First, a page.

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Old steels denied fills due to store "policy"

Discussion in 'Tanks, Valves and Bands' started by Ana, Feb 19, 2019.

  1. BRT

    BRT Giant Squid

    Neck crack in an AL?
  2. AfterDark

    AfterDark Solo Diver

    # of Dives: 1,000 - 2,499
    Location: Rhode Island, USA
    Free speech baby! Take it up with DOT it's their policy not mine. That hypothetical new diver of yours, someone that stupid shouldn't have a C-card. :)
    Like the owner of the your former LDS too stupid to own a dive shop, for long away.
    dead dog likes this.
  3. OkByMe

    OkByMe Solo Diver

    # of Dives: 500 - 999
    Location: Collierville, Tennessee, United States
    What was said about tanks being up to the job by conforming to the DOT inspection and testing requirements is absolutely correct. The presumption that the testing is done by a "fire extinguisher" shop is somehow deficient lends to my conclusion that you don't understand the industry or the technology, and that if you were more informed would bring surprise to you.

    IF you check with your LDS, in which you apparently have absolute confidence in, you will find that they do not have the facility to hydro-statically test any cylinder (pressure vessel) and they have to use a facility that does. Which means that their handling markup added to the vis and hyro cost they pay, drives your cost to more than $50. It costs hundreds of thousands of $ to open a facility with the equipment, personnel and warehousing space for thousands of cylinders cycled through from all the business using compressed gas and pressurized liquids.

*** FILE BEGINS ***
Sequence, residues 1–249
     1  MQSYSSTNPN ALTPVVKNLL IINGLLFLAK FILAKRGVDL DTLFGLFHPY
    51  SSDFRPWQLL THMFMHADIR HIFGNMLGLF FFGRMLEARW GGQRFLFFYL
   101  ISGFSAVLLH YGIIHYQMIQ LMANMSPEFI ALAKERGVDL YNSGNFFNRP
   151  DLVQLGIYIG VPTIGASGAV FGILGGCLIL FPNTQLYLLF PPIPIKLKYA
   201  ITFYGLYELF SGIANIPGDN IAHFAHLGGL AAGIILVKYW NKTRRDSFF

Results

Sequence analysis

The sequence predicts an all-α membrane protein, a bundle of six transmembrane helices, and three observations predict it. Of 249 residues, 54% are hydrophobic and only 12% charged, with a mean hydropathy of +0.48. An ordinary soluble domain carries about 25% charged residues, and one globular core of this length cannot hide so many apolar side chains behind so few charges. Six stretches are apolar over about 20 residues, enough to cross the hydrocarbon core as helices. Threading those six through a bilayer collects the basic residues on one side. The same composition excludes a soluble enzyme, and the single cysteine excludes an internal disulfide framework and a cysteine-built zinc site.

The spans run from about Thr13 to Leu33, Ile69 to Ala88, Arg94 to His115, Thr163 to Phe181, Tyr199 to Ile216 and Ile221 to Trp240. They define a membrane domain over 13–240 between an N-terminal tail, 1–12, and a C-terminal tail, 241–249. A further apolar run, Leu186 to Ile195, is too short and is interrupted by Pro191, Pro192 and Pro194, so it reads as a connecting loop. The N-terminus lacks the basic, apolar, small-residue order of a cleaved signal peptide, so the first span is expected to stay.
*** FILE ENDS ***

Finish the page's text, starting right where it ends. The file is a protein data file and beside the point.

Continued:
A local business community has tens of thousands of cylinders in service from bank CO2 and other inert gas fire extinguishing systems. There are food processing, bottling/canning plants that typically use CO2 and Nitrogen. Hospitals and emergency services with their supporting gases. And then there are manufacturing plants which use the daily bulk of gas used for welding, heat treating and corrosion control. And, if you live along the coast and/or have a sizable airport, you can include that into to the overall service usage data, And if I had to guess, which I don't, I would find that the service of these pressure vessels are carried out by "fire extinguisher" shops.

    I would challenge anyone to go to the service facility and ask them of the age of the tested items and you would find answers like all the way back to World War 2 and before. Another brow raiser would be the statement of the amazingly small percentage of condemnations of these older cylinders. Pressure vessels, just like any technology are ungraded and replaced based on their suitability for the job and/or failure analysis, then there is cost of retro-fit. Everyone wants the smaller, lighter, less maintenance, higher volume PV's and the SCUBA industry is no exception. Do not exclude the marketing pressure for sales over suitability for the evolution.